There are two issues here. One is whether technical documents should include "creative" language. The other is whether problems with style should be fixed despite looming deadlines.
On the second point -- assuming that whoever is responsible has decided that there is a problem with the document -- it stands to reason that you should fix as much as you can despite the looming deadlines. Presumably you expect people to read this document. If 50 people read it, and a problem causes each one of those people to waste 5 minutes of his time before he understands what he needs to understand, than you have wasted 250 minutes or over 4 hours. If you can fix the problem with less than 4 hours of editing, then it's a net gain. Fix it.
The bigger question is whether technical documents should include creative content.
An anecdote: At a staff meeting once, someone commented on how great the technical manual was for some new software product the company had just bought. Easy to read and understand, clear examples, and humor sprinkled throughout to keep it interesting. Everyone agreed this was a great technical manual.
At the next staff meeting, we were reviewing a draft of a technical manual that I had written for a product that our company was developing. I took a lot of criticism for using simple language and including humor. (Perhaps I should clarify that by "humor", I don't mean I inserted irrelevant jokes, but rather that I kept the tone light. Like when describing a delete function, instead of saying "when you need to delete a record", I said, "If you discover that you've made a horrible mistake and you need to delete this immediately". Not roll on the floor laughing hysterically humor, but light touches here and there.) Several people said this was "unprofessional". I pointed out that just a week before they were all praising a tech manual for doing exactly the same thing. "But that's different", they said. In the end they changed all my humorous comments to be deadly serious. changed every place that I wrote "use" to say "utilize", changed short simple sentences into long complex sentences, etc.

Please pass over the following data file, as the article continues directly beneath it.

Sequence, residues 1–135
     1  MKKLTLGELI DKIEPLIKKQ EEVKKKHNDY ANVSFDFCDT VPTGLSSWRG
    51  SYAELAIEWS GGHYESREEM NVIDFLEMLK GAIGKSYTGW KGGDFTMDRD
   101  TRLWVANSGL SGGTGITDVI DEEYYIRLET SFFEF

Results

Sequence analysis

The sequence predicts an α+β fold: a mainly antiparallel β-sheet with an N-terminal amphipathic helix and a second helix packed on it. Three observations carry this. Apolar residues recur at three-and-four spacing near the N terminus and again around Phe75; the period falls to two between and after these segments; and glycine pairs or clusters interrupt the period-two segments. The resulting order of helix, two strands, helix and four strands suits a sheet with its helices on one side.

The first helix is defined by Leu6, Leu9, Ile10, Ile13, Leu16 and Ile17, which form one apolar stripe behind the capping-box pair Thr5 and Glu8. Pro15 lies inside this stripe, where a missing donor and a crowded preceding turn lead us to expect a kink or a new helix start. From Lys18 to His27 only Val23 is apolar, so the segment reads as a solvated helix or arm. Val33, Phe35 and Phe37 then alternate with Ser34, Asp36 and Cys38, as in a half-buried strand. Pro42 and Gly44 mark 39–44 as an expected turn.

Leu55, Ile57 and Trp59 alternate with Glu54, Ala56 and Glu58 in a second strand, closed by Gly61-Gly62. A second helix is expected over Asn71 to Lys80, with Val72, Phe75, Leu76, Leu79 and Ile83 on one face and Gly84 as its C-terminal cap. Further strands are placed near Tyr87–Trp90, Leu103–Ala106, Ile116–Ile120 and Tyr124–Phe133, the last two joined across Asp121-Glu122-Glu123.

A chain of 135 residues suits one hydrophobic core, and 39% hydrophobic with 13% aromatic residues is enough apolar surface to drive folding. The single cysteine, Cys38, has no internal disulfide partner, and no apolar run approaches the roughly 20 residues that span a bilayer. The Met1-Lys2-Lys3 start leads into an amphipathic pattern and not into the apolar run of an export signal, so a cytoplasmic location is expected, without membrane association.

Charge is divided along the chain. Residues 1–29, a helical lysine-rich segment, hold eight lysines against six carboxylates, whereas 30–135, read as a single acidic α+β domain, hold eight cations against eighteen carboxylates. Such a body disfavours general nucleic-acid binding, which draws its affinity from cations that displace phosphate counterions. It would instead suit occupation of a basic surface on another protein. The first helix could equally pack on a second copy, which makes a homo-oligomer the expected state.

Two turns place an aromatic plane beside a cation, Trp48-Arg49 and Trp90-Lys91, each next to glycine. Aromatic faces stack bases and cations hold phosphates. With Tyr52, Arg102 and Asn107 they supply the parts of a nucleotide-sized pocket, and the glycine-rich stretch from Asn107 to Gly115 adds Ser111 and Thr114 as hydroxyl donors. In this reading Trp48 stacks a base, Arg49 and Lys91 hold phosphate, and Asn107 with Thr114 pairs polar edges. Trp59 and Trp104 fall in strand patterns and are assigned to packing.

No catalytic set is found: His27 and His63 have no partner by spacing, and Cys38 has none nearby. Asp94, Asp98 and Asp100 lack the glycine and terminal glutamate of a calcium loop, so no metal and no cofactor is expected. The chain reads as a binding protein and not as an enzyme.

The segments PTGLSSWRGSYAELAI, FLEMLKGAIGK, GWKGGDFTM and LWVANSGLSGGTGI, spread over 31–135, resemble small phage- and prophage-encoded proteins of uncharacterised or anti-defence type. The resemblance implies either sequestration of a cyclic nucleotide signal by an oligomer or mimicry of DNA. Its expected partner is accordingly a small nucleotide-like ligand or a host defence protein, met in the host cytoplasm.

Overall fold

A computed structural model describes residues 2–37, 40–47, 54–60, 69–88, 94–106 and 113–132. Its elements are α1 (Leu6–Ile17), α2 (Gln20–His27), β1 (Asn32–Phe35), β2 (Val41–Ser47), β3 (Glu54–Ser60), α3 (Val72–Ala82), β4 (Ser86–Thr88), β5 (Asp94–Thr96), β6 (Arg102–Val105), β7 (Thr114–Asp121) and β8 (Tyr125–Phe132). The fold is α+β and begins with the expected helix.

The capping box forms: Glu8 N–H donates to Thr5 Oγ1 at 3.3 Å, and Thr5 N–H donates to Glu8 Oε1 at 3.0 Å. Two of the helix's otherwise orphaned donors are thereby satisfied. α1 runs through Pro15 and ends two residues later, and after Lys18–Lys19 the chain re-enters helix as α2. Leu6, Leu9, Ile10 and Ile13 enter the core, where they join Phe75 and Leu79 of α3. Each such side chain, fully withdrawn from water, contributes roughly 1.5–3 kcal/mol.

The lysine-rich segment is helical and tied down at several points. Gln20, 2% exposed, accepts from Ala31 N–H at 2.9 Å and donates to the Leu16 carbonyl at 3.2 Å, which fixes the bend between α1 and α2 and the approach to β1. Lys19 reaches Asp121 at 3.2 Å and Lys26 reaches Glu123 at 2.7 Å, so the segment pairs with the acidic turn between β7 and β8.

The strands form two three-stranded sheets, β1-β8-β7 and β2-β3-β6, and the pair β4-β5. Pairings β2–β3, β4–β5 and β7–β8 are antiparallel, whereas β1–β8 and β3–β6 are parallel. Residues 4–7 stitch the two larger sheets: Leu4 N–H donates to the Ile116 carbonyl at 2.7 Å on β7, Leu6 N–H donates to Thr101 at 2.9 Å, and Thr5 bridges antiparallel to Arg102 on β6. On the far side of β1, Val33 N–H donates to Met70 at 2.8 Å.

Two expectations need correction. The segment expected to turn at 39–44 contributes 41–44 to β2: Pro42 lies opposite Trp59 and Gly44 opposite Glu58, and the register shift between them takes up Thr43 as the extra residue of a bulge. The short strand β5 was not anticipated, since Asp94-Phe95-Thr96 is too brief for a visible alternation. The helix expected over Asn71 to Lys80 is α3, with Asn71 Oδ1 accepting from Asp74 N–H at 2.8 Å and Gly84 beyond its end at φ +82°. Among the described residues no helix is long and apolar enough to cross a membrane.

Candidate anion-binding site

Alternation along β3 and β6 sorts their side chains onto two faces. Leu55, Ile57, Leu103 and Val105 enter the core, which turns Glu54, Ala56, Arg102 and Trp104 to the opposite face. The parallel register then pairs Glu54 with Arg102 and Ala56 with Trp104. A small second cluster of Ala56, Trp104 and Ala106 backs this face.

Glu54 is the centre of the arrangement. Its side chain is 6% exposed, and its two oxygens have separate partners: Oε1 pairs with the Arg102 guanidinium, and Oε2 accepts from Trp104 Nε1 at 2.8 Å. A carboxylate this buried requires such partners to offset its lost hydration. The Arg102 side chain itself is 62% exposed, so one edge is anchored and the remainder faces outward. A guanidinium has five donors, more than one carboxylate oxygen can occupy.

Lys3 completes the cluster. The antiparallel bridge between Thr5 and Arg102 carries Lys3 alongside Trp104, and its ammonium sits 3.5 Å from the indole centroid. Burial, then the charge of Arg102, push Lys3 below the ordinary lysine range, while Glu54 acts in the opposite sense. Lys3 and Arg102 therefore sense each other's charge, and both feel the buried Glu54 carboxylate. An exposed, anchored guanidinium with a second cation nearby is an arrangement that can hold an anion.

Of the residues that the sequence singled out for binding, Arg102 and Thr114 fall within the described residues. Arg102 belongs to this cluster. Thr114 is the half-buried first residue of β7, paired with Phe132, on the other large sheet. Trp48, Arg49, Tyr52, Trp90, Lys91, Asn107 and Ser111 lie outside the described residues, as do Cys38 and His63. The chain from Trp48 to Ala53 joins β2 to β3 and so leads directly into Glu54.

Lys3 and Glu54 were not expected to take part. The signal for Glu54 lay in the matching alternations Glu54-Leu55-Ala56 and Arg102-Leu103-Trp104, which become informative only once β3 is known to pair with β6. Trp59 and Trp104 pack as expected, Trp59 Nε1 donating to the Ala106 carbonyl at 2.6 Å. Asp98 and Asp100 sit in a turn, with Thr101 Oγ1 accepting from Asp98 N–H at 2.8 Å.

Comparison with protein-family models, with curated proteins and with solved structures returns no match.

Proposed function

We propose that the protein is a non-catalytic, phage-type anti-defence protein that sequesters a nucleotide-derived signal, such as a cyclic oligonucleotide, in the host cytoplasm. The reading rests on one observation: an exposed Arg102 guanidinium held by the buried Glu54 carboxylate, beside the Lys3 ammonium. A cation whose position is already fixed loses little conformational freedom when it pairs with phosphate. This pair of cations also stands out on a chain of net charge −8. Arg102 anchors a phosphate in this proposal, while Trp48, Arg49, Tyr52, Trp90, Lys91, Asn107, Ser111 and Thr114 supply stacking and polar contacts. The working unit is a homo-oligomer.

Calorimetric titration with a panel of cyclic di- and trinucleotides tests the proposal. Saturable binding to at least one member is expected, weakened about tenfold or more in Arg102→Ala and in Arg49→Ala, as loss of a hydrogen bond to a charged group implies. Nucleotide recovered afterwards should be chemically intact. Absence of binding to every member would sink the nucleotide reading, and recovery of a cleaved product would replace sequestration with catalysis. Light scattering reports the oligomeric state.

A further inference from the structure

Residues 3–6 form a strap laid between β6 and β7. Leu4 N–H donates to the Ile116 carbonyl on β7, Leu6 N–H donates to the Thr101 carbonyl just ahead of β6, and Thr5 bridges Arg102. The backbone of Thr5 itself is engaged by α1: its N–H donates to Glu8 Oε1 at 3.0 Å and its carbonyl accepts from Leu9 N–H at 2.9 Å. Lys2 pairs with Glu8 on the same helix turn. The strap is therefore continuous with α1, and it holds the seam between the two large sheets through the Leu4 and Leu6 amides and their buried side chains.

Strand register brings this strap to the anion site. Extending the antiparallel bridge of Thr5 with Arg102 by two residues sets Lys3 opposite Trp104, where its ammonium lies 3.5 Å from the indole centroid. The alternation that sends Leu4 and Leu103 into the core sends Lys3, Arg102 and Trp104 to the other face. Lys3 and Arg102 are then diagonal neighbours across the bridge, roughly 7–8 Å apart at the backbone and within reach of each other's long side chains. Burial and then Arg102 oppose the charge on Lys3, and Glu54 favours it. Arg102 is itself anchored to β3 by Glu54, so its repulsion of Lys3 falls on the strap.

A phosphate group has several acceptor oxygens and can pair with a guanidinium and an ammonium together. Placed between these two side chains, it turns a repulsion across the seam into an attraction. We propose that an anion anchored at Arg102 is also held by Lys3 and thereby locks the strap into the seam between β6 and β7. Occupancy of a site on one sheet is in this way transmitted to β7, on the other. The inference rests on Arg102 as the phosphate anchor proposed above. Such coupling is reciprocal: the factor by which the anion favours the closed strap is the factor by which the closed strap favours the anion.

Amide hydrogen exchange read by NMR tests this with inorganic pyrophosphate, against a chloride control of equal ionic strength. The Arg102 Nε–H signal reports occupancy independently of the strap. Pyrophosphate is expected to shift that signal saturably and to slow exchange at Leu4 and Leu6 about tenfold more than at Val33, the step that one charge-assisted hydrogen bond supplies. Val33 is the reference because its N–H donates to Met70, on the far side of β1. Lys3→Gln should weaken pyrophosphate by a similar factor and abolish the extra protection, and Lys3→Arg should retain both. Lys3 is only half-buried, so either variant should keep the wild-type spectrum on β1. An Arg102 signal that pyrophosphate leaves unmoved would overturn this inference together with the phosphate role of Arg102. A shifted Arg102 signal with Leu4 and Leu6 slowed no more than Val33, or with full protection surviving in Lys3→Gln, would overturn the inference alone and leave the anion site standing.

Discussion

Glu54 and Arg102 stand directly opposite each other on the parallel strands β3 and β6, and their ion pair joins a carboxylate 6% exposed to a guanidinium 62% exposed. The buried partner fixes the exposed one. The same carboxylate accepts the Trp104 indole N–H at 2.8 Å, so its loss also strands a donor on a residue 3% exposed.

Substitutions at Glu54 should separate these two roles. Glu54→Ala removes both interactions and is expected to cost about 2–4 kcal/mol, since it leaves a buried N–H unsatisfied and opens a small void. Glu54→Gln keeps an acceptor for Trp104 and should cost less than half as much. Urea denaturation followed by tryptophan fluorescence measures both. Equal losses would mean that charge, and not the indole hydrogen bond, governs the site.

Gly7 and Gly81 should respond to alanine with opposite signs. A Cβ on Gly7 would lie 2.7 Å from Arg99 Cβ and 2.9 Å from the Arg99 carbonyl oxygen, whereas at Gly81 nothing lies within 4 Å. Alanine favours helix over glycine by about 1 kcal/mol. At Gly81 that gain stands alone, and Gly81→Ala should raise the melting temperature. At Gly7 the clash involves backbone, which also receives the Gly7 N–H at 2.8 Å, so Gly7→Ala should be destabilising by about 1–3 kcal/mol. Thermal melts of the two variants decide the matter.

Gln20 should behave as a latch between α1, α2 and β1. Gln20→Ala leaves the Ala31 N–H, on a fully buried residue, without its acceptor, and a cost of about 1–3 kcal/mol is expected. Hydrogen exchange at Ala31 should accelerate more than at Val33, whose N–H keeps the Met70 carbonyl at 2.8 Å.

When people are READING a technical manual, they want it to be simple and straightforward and easy to understand. But when people are WRITING a technical manual, they often want it to be pretentious and deliberately difficult to understand. Because many people think that the goal when writing a technical manual is not to teach the reader what he wants to know, but rather to impress the reader with how smart the writer must be to understand this incredibly difficult and complex subject.
In my humble opinion, the best manual is one that leaves the reader thinking, "Oh, this is all very simple and obvious. I probably could have figured it out myself without bothering to read this." But many writers want the reader to walk away thinking, "Wow, this subject is very complex and baffling. Even after reading this book I don't understand it at all. The writer must be a genius to understand this."
But all that said, if the boss says, "keep it deadly serious and ponderous", you can try to change his mind, but if you fail, well, he's the boss and if you want to keep your job you're going to have to do it his way.